The idea of “green crypto” is not a misnomer. There are initiatives out there that encourage more responsible cryptomining. The Canadian province of Québec has actively courted cryptocurrency companies to use its spare hydropower capacity. Recently, actor William Shatner threw his significant weight behind Solar Alliance, a Canadian company building a three-megawatt solar farm that can be rented out to cryptocurrency miners.

The emergence of similar projects is a positive sign for greater investment in crypto’s greener side. While most of these projects receive the bulk of their funding through the ICO route, more traditional investments and partnerships have been effective in driving mainstream visibility of the solutions they provide. Electrify Asia is one such project, raising $29 million through an ICO and going on to secure the backing of one of Ethereum’s original founding team members Wendell Davis, along with prominent Japanese VC group Global Brain.

Another example of mainstream investment in green crypto projects is Climate Coin, which has the backing of tech specialist PAL Capital. Climate Coin operates as a crypto-based carbon credit that can be purchased by anyone worldwide to offset their carbon footprint. On a macro level, energy-focused blockchain startups like this raised over $300 million between Q2 2017 and Q1 2018 alone, most of which came through ICOs. This level of investment, in what would have been a technological fantasy only a short time ago, is a sign that blockchain technology is being taken seriously by energy companies.

From an economic standpoint, increased investment from existing utility companies is inevitable. Blockchains’ penchant for decentralization blends well with existing energy-saving practices. In small scale use cases, the technology is enabling smaller companies to enter markets long monopolized by big energy companies.

Various initiatives are using a peer-to-peer exchange model to trade cheap renewable energy, circumventing the need and cost of buying energy from established suppliers. By motivating small renewable energy producers to sell directly to energy users, and using smart contracts to earn credits in the form of fungible crypto assets from any excess power produced, there is an opportunity to make the existing energy ecosystem cheaper, more efficient and consumer friendly.

While less common, there are still many crypto- and blockchain-based companies directly addressing environmental unsustainability. One blockchain-based initiative is the Plastic Bank, run with the support of partners including IBM. It is issuing tokens earned from collecting plastic waste to help impoverished communities. These tokens can then be converted into cash, exchanged for cooking fuel or education vouchers, demonstrating the good that this technology can do for the less fortunate.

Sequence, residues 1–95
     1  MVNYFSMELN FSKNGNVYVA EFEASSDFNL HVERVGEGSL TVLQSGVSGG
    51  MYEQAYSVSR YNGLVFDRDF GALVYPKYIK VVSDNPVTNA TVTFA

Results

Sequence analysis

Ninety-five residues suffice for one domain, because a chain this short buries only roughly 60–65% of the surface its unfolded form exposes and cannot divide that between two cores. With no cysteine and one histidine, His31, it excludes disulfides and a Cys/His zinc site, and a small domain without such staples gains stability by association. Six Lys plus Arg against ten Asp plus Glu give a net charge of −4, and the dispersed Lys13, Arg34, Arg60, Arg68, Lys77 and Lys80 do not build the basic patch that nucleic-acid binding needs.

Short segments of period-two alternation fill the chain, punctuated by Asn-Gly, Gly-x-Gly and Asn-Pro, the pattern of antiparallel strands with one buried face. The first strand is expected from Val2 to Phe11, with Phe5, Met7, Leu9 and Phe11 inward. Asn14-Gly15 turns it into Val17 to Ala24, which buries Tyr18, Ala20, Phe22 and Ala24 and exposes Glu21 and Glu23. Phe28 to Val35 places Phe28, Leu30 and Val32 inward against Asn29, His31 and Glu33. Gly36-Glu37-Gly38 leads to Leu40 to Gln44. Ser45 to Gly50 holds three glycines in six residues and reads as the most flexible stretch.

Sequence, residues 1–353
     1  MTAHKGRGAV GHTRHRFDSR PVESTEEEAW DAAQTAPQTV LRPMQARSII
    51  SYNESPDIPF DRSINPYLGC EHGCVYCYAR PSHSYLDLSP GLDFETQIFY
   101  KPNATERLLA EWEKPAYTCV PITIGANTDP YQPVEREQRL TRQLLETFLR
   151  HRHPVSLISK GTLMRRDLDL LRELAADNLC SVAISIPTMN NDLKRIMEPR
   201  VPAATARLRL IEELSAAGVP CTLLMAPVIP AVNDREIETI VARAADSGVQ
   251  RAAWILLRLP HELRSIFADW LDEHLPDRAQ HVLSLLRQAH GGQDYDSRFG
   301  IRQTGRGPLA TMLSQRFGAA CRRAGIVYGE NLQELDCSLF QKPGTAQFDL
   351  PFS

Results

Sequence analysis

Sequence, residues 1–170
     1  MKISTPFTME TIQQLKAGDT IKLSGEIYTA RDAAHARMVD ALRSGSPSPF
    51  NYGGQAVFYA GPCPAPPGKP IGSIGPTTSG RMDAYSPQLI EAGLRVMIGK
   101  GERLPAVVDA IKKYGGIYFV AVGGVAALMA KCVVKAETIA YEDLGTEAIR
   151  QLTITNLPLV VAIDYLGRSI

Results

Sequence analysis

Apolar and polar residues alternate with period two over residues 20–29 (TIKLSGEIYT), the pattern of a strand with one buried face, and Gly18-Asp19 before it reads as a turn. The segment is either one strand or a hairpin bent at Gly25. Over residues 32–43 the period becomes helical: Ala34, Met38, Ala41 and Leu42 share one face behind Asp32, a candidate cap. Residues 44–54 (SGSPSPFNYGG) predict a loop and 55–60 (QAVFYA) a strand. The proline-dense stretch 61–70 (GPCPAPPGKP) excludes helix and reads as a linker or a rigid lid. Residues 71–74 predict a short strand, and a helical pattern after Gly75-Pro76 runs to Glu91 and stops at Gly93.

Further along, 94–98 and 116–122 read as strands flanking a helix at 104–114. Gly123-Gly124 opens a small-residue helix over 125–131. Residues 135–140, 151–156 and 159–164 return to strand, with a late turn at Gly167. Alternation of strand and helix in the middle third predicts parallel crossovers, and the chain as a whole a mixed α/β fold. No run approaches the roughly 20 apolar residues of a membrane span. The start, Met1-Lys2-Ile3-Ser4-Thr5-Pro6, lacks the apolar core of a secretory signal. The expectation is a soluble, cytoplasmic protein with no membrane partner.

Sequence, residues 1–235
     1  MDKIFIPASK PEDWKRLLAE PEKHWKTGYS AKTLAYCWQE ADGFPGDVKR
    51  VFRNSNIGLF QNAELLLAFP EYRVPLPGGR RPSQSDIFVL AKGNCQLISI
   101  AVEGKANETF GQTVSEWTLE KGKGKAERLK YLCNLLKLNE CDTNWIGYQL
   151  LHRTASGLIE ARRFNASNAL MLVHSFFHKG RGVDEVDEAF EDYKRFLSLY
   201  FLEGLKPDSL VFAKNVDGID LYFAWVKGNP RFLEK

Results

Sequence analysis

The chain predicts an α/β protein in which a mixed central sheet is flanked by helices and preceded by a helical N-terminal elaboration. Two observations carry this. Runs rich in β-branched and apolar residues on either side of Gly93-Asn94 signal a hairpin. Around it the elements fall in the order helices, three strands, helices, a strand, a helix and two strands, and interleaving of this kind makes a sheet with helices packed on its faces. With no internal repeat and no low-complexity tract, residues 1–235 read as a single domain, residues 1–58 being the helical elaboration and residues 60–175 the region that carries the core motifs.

Energi Mine is using a similar system, providing the cryptocurrency EnergiTokens (ETK) to consumers when they engage in energy-saving activities such as using public transport or buying energy-efficient appliances to reduce energy consumption. The ultimate goal of this is to cut global energy demand and carbon emissions by creating a system of financial incentives, which will subtlety shift positive energy decisions to become unconscious reflexes.

In this way, some blockchain and cryptocurrency companies are taking a holistic approach to tackling the established “rebound effect” — where the reduction in energy consumption created by new technologies and new efficiencies gets cancelled out by negative behavioral or other systemic responses. This is something that happens often without people realizing it. For instance, a 5 percent improvement in vehicle fuel efficiency may result in only a 3 percent drop in fuel use because 2 percent more fuel is consumed by people being able to afford to drive faster or further than before.

This is a well-documented phenomenon in the conservation space, and cryptominers are especially guilty of this. Every advancement in processor efficiency or cooling is negated by the gradual upward creep in mining power consumption needed to stay competitive.

This very phenomenon, however, could provide an opportunity for the industry to contribute to energy-saving technology in a huge way. The power/efficiency ratio demanded by cryptominers has given rise to an arms race in specialized hardware that can be used to mine cryptocurrencies more efficiently. A meaningful investment in green tech here would have an impact not only on the crypto community, but on the green hardware sector as a whole, especially if some of the breakthroughs can be extrapolated to other uses, which would go a long way toward creating a “good citizen” reputation for the crypto space.